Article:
Subscribe

Let’s go, again!

1107
VIEWS
Story by Wouter Erasmus Photos by Elana Erasmus

Wouter Erasmus and his adventurous family are hitting the road again. As always, Wouter made sure he had just the right caravan for the trip.

We South Africans embrace camping as a cultural pastime. We enjoy spending time in the bush, sitting around the campfire at night, gazing at a star-scattered sky: it defines who we are!

My attitude towards camping and caravaning was revisited when the principal at my daughter’s pre-primary school implored us, ‘Parents, you must take your children back to nature. I say it again: take them back to nature! Let them play in the sand!’ We began to embrace a wonderful community, enjoying this truly exciting pastime hand in hand with our kids. In March 2012 we took delivery of a new Fendt 465 Bianco, fitted with a Fiamma awning and a Dometic air-conditioner. Our new travelling companion enchanted us with its pure luxury and unsurpassed craftsmanship. In the heat of Africa, the Dometic air-conditioning unit efficiently kept the interior cool. With night-time temperatures plummeting to −10°C on our Afriski adventure, the underfloor heating kept us cosy and comfortable in the snow-covered mountains.

We choose to travel the southern tip of our continent exactly as our European counterparts explore theirs: long distances and exciting destinations! For them the Alps and Pyrenees, for us Chobe’s colourful birds and wildlife, while all that is man-made plays second fiddle to the natural splendour surrounding us. Camping – albeit Camel man-inspired, and in the comfort of a luxurious Fendt caravan – is an unbeatable adventure. Our Fendt 465 was standard-equipped with an Al-Ko suspension system and shock absorbers, and proved stable and reliable to tow on most of the roads we selected for our journeys, not to mention the stability it offered in extreme windy conditions.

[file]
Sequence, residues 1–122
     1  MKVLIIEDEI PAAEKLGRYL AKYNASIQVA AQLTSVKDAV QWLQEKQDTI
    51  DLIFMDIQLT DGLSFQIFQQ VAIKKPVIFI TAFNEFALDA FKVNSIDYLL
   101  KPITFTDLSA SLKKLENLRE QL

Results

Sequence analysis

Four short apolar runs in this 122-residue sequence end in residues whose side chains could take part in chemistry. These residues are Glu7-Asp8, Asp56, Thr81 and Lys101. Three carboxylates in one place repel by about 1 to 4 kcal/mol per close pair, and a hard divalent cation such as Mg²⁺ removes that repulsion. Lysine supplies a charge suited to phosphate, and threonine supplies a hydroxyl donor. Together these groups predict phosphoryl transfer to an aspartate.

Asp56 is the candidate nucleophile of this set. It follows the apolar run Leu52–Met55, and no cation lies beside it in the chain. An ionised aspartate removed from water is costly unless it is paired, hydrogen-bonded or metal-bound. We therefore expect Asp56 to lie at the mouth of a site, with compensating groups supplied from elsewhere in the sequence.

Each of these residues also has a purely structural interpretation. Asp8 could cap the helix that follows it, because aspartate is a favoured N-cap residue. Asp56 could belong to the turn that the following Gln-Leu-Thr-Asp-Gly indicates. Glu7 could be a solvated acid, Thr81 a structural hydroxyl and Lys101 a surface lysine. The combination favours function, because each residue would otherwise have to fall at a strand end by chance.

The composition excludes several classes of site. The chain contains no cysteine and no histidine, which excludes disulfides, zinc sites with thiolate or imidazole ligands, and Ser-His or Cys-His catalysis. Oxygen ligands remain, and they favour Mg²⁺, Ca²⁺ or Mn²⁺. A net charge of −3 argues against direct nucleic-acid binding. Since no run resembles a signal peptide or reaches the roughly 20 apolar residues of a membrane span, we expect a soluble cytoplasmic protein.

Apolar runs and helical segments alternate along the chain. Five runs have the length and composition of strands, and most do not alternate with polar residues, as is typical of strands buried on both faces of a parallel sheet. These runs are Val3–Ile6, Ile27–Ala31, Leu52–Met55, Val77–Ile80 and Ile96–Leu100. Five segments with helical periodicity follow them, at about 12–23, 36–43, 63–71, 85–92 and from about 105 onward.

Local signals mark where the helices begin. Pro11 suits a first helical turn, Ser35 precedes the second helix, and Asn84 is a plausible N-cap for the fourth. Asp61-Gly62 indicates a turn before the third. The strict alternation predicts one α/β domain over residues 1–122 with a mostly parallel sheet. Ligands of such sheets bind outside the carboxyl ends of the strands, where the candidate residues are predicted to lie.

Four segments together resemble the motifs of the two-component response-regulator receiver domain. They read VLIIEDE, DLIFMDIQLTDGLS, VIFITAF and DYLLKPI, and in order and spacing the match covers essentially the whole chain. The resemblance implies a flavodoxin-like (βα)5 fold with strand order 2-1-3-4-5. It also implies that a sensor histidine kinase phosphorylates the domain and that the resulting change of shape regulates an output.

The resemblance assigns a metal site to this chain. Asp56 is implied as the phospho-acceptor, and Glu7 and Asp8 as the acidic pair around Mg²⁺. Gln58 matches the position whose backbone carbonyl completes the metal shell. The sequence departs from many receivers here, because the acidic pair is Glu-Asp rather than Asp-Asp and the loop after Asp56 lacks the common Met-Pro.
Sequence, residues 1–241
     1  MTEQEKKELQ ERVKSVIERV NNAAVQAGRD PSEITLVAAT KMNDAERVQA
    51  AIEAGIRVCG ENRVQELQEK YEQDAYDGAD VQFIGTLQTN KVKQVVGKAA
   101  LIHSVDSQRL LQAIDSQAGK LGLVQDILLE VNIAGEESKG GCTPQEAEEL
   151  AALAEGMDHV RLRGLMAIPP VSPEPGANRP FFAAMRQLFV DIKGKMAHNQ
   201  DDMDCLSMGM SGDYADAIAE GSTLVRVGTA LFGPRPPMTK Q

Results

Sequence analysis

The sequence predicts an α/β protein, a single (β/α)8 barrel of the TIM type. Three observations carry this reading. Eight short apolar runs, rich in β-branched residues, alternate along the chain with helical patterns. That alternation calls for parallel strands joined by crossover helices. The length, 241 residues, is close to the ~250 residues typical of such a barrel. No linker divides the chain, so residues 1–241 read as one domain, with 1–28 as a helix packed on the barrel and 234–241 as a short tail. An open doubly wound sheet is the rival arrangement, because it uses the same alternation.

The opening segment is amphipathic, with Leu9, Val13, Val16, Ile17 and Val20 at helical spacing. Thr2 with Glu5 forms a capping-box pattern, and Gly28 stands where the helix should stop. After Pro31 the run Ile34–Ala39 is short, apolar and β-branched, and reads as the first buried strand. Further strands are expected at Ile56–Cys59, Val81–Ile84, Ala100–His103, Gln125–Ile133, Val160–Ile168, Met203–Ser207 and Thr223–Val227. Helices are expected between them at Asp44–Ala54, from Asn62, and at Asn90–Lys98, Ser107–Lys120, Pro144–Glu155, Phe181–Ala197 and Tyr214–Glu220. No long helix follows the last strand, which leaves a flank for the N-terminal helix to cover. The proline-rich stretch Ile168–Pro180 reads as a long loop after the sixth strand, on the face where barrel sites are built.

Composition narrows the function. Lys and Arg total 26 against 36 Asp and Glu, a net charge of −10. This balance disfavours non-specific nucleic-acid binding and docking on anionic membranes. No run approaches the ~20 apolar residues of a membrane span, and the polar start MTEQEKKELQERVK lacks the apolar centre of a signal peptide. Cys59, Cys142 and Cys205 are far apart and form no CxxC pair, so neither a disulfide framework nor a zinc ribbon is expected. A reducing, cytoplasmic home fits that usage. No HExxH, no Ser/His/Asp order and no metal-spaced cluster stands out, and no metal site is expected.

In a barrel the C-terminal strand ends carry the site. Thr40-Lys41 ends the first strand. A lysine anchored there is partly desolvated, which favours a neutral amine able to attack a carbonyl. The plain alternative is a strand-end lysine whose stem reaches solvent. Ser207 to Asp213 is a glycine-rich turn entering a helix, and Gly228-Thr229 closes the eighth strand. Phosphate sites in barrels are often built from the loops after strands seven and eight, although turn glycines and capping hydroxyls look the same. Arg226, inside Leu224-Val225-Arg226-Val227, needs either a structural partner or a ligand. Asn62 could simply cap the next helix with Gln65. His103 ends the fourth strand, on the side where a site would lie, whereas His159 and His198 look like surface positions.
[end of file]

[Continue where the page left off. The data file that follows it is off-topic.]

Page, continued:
While on tour last year, I pondered the need for a more elevated axle and strengthened chassis to compensate for my careful nature. However, it certainly wasn’t an adjustment required for the roads on our 2012 trip, which took us through Chobe, Caprivi and Etosha. Imagine touring to Malawi in a Fendt, or camping in the Serengeti with a Dometic air-conditioner purring in the background!

I surrendered to my desires, ordered the new Fendt Saphir 560 SKM and presented TravelStar, the South African importer of the Fendt range, with a wish list that would turn the Saphir into a luxurious touring companion somewhat more suited for long-distance travelling on our continent. Fendt Saphir 560 SKM AR (all-road) The result: a Fendt 560 SKM with Continental WorldContact 4×4 tyres! The standard Fendt 560 is bolted on a galvanised Al-Ko standard chassis system. The first 80 mm raise was achieved by engineering an aluminium frame that was bolted onto the caravan’s galvanised chassis system. The aluminium frame was extended to reinforce the rear of the caravan, acting as a skid plate for the rear end. A further 50 mm of height was attained by fitting the bigger tyres on steel rims. The standard shock absorber and braking system were retained. The already enormous standard nose cone of the caravan was modified to cradle the big spare wheel, along with two five-kilogram gas bottles – and anything else really.